Carotid Cavernous Fistula

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Identifier carotid_cavernous_fistula
Title Carotid Cavernous Fistula
Subject Fistula; Cavernous Sinus; Arteriovenous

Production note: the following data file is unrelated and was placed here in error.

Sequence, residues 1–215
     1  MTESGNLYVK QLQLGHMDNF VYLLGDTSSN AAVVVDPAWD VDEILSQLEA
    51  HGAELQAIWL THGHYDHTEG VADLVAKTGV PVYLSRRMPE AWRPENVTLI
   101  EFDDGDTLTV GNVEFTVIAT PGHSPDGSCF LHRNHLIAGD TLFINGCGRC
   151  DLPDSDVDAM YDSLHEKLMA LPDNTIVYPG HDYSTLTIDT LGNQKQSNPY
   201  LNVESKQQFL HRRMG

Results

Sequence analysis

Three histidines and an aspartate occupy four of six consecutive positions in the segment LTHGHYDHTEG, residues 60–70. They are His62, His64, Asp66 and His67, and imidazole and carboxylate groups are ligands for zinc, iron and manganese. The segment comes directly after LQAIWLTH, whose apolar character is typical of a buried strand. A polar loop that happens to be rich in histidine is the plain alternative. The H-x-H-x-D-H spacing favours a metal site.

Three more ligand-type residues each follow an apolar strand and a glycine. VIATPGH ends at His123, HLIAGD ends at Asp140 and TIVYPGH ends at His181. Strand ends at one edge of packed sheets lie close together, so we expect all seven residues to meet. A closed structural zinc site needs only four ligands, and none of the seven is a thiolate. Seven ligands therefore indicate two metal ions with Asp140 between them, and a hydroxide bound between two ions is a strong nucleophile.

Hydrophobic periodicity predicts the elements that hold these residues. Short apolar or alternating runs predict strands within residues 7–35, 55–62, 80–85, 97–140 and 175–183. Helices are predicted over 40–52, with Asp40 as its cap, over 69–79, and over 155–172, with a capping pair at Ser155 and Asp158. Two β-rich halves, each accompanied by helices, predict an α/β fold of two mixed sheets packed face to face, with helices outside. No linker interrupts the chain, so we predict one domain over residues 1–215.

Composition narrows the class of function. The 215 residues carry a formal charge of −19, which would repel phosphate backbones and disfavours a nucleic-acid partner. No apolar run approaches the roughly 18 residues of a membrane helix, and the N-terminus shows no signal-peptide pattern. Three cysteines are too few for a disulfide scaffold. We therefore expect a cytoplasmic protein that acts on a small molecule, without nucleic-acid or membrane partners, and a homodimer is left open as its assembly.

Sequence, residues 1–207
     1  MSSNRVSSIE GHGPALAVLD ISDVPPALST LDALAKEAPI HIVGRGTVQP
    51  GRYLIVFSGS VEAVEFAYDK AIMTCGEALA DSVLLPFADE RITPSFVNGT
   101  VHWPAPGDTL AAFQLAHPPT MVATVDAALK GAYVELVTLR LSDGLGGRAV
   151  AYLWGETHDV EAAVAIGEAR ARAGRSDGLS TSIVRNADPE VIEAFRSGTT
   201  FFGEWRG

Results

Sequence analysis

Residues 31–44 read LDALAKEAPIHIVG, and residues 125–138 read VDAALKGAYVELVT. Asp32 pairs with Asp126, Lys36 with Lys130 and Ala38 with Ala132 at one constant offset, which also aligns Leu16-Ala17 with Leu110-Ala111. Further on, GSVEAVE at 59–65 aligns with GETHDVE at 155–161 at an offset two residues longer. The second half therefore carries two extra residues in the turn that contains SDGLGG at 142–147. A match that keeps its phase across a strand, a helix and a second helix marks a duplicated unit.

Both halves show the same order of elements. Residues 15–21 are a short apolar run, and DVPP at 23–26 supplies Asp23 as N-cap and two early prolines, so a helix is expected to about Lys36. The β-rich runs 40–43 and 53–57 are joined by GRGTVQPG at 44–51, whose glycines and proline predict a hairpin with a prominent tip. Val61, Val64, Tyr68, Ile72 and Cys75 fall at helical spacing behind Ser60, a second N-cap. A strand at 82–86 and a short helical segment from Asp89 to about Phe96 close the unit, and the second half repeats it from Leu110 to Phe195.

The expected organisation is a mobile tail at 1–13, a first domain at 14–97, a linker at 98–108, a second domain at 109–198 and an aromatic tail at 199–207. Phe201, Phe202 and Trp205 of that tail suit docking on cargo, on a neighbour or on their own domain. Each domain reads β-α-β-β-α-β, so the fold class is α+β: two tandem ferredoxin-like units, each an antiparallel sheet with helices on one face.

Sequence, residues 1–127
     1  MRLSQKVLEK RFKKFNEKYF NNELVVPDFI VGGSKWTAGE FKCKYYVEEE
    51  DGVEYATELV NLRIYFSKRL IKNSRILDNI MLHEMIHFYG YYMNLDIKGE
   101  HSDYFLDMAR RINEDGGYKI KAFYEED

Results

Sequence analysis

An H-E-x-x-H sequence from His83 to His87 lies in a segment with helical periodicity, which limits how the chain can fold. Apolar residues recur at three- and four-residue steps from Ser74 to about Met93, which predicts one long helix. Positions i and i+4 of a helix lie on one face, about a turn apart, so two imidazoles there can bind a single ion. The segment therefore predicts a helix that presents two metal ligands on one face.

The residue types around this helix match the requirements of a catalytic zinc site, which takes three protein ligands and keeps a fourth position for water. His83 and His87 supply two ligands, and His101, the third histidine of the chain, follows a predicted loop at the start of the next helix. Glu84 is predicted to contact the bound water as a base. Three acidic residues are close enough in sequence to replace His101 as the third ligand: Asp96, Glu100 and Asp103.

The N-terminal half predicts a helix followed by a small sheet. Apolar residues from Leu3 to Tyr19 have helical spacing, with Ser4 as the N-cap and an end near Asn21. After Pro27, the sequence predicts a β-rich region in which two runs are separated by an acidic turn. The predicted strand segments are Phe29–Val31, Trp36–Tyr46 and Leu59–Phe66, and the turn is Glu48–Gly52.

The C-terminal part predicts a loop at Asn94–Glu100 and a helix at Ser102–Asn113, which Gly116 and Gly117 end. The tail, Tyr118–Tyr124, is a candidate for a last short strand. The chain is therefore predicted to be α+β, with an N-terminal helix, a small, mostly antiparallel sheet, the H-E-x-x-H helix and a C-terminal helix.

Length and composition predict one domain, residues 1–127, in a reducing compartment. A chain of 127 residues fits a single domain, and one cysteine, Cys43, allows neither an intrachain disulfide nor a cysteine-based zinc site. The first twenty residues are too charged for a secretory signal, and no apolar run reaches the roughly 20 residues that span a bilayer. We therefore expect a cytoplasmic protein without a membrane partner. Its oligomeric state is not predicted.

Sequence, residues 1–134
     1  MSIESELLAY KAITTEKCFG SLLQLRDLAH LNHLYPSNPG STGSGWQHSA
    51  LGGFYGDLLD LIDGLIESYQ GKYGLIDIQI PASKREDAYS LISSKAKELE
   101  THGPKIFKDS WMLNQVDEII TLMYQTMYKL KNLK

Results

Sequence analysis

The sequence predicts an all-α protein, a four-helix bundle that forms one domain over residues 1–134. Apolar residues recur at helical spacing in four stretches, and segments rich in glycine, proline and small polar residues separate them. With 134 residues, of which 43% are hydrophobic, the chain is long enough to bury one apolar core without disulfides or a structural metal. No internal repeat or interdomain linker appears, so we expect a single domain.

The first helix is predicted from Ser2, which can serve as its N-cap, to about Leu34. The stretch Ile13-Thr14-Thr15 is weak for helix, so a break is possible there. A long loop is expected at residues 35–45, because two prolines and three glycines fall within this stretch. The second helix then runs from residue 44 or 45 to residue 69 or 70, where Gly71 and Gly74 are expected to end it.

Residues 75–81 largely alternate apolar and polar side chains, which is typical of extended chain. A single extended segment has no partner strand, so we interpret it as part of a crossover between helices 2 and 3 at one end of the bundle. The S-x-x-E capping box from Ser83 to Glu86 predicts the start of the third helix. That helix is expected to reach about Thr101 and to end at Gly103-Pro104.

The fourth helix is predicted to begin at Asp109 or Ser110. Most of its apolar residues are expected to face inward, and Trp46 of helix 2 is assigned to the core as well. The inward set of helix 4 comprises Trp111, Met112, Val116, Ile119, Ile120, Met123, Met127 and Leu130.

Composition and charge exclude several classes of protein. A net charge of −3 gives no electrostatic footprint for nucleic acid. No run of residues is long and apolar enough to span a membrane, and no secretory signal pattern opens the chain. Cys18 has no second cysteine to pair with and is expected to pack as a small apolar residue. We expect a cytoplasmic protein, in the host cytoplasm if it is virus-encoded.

Creator Andrew G. Lee, MD, Chairman, Department of Ophthalmology, The Methodist Hospital, Houston, TX, Professor of Ophthalmology, Weill Cornell Medicine; Zainub Abdullah, Baylor College of Medicine, Class of 2023